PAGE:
link   

Originally posted by Snoopdopey
What about your basic right to life?

Should the people who attempt to unjustly take it be provided with such protection?

Yes. If I had the opportunity to defend myself from getting killed, I would use it. But after the fact, the threat is gone and any action on them would be revenge.



Surely they revoked their rights when they attempted to take others by such disgusting means?

Nope.



posted on Aug, 3 2005 @ 05:33 PM
link   
But it would not be revenge if it provided the opportunity to prevent others from such fate.

If it was to prevent that person, or his contacts from future attacks then it would not be deemed as revenge but infact as you said... protection.



posted on Aug, 3 2005 @ 05:36 PM
link   

Originally posted by Snoopdopey
If it was to prevent that person, or his contacts from future attacks then it would not be deemed as revenge but infact as you said... protection.


And therein lies one of the problems - exactly how is it decided that Terrorist #1 knows enough to prevent the loss of life? Do we just torture every suspect?



posted on Aug, 3 2005 @ 05:38 PM
link   
I am not saying torture should be the way of things by any means. To deny that it exists in the UK is niave, of course it happens.

I am glad we follow the conventions, as i am against torture in most circumstances, it's disgusting to say the least.

But when faced with a man who does not fear death, who intends to murder many, sometimes i believe, drastic measures must be taken. But again, we will never know if torture is used or not for sure, then again, from some of the statements made recently, i think the answer is pretty obvious.



posted on Aug, 3 2005 @ 05:44 PM
link   
We don't know Tinkle,

However i would think it is safe to say most would require several people to carry out an attack. But not always.

You would need to have knowledge of explosives, and financial backing. By explosives i mean to being able to identify the chemicals needed and compose them correctly, in addition to having knowledge of basic electronics to create trigger.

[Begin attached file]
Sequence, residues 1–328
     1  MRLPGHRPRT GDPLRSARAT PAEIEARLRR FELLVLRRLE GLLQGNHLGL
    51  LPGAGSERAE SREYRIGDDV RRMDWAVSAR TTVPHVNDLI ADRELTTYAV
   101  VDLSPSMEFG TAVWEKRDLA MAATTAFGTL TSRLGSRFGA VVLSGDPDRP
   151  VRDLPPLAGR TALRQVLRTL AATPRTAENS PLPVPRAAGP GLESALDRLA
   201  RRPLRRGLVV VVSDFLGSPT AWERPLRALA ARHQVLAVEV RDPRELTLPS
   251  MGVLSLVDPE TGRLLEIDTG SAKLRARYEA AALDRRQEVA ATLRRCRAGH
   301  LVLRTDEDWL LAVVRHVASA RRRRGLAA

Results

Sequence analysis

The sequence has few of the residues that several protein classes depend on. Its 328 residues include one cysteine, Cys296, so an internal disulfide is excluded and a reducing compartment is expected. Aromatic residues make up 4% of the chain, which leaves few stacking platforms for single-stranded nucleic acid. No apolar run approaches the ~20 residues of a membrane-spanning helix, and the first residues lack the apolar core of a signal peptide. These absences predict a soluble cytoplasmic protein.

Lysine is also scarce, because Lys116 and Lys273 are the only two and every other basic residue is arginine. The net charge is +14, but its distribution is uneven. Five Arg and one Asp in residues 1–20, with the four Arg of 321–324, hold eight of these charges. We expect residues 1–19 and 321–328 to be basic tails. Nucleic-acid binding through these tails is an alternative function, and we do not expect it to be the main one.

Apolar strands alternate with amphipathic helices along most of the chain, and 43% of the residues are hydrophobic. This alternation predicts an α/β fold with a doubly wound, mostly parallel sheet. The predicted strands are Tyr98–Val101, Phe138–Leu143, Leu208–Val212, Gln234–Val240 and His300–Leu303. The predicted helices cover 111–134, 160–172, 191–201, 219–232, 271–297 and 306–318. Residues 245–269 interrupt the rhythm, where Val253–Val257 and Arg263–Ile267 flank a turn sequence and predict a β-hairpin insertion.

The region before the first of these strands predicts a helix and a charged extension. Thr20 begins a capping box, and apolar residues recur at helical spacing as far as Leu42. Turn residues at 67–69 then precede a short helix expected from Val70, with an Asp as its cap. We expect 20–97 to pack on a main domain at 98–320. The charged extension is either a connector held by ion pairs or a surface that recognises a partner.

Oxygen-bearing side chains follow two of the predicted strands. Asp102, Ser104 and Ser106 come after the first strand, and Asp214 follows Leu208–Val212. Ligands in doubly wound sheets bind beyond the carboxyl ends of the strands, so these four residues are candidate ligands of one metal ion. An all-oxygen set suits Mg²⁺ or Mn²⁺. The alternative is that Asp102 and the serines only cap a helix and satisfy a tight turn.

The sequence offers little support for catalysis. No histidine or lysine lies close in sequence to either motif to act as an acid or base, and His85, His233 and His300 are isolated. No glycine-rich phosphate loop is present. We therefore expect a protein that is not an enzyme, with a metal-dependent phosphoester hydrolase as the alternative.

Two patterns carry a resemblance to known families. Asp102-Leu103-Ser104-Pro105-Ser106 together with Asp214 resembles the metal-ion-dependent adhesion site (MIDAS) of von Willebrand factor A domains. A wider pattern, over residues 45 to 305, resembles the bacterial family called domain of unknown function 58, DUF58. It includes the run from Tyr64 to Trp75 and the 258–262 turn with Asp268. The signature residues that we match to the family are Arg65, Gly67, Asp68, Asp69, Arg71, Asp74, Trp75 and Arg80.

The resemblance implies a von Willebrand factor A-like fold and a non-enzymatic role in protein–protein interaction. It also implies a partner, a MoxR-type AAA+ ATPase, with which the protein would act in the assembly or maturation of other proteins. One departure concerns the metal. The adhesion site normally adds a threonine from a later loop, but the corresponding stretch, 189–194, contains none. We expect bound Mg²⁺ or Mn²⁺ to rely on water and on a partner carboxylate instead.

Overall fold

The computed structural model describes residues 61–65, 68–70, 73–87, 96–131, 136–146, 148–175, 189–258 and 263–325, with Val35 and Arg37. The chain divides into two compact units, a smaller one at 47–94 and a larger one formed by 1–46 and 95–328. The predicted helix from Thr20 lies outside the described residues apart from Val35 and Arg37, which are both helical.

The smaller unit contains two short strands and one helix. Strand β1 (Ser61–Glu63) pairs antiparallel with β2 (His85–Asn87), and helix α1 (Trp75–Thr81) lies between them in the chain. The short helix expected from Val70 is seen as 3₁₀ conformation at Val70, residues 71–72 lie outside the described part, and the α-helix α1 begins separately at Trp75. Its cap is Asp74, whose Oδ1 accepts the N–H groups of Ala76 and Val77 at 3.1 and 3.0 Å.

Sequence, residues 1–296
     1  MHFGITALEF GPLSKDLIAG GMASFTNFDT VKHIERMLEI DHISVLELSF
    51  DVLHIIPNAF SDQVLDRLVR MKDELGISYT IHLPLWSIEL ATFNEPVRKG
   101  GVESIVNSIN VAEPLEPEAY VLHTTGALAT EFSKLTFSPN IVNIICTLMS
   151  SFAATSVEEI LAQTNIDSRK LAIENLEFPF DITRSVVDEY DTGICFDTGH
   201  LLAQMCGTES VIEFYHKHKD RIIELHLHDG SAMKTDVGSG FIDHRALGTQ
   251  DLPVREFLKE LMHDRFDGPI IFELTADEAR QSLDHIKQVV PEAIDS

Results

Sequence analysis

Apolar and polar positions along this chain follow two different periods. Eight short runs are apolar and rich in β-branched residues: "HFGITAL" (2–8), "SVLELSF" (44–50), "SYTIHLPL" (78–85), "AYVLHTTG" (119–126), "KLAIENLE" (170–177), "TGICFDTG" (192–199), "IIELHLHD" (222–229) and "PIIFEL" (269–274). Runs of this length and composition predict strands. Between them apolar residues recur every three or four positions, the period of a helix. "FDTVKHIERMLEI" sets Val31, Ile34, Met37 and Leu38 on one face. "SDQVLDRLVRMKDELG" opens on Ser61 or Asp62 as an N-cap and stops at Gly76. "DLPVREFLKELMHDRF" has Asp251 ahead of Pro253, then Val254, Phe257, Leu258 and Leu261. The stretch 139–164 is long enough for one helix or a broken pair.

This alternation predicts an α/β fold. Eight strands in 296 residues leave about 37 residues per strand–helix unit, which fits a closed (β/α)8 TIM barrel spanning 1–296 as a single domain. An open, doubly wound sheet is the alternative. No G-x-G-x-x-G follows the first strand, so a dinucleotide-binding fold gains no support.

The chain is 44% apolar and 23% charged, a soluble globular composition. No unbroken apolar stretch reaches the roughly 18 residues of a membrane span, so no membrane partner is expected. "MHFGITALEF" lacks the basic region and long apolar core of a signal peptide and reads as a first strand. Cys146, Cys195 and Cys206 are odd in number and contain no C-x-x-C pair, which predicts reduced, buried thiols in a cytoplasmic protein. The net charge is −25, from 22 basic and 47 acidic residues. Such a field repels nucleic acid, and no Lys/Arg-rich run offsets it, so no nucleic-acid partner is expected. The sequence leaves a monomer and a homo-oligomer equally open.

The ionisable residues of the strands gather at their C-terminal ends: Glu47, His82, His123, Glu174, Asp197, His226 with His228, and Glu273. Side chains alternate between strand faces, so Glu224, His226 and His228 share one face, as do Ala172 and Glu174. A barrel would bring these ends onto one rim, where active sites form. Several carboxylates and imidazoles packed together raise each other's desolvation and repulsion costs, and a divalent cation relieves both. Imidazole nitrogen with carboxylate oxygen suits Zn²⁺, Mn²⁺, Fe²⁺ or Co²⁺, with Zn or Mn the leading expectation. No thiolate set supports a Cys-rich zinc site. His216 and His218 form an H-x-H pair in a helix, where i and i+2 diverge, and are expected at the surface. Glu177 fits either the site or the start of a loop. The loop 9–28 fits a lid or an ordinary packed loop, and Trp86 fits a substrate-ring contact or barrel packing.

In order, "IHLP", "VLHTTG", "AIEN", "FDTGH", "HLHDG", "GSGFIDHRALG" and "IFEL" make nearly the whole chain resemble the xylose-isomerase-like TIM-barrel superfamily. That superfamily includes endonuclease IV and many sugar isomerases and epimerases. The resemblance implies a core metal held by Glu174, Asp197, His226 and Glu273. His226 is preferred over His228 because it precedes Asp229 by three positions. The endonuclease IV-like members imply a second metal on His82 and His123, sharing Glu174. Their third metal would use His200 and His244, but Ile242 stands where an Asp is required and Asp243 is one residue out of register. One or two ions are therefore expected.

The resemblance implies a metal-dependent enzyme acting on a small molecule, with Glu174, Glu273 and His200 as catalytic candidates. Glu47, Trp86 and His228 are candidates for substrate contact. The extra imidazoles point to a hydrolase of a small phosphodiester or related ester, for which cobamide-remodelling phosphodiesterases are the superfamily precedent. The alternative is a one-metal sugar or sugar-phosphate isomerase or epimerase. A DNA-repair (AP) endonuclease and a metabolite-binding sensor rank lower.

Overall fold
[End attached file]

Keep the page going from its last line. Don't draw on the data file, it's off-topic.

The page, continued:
It's not right, i know it isn't, but sometimes extreme methods may bring results. It's up to the person with the power to decide what happens.



posted on Aug, 3 2005 @ 06:22 PM
link   
In making the decision to use torture, you don't know what results you might get. Does the prisoner really have the information? We don't know. IF he has the information, will he release it under torture, maybe not. Maybe he'd die before releasing it.

Therefore you have to make the decision to torture without knowing the outcome. Also, there's the chance that he doesn't even have the information. Is it ok to torture a man if he doesn't have the information? No. How do you know? You can't until you torture him. Vicious circle.

You asked for our views and that is mine. It's inhumane. It's kind of a value judgment, like the idea that it's better to let 10 guilty people go free than to convict one innocent one, which I also agree with.

To me, it's a matter of the value I attribute to another's life. Life is too valuable to me to torture anyone. Anyone for any reason. To me, there's no wiggle room and no exception.



posted on Aug, 3 2005 @ 06:57 PM
link   
The pro-torture arguments are always made in a vacuum. The assumption is that the government has good intentions; that they are not just waiting for an excuse to impose these measures against the U.S population. History proves, whether you are a conspiracy theoirst or not, that governments do not have our best interests at heart. Also, the so called "ticking time bomb" scenario often used by torture advocates is a canard. Think of what would have to occur: you would have to catch the terriorist in just the right time frame, after the bomb has been planted but before it goes off, and you would have to have just the right amount of information, just enough to know that your prisoner is involved but not enough to know where he has planted the bomb. If such a bizarre scenario comes to life, and torture occurs, as it probably would, and should, there is a simple way to deal with it legally: a pardon; pardon the law enforcement agents involved, once it's proven that they had no choice. That's what pardons are there for, difficult situations, which, if legislated, could make bad law, and bad precedent. This would allow you to get the information you need without any slippery slope possibilities.If you move beyond the ticking time bomb scenario you are in a defintional nightmare; a governmental playground of the mind where everyone can classed as a potential terrorist. We also tend to forget that it is dangerous to allow the government to have what amounts to reality creating factories. If we continue to see the current detention policies in place do you honestly believe the adminstration in power at any given moment in history will not use the ablity to obtain confessions at will for political advantage? We could see new info about potential strikes against the homeland emanting from gitmo before an election, or when a President is down in the polls. There already exists an orwellian tv program, number 1 in Iraq, where prisoners are paraded before the camera, and dubious confessions, all helpful to the new regime, are spouted.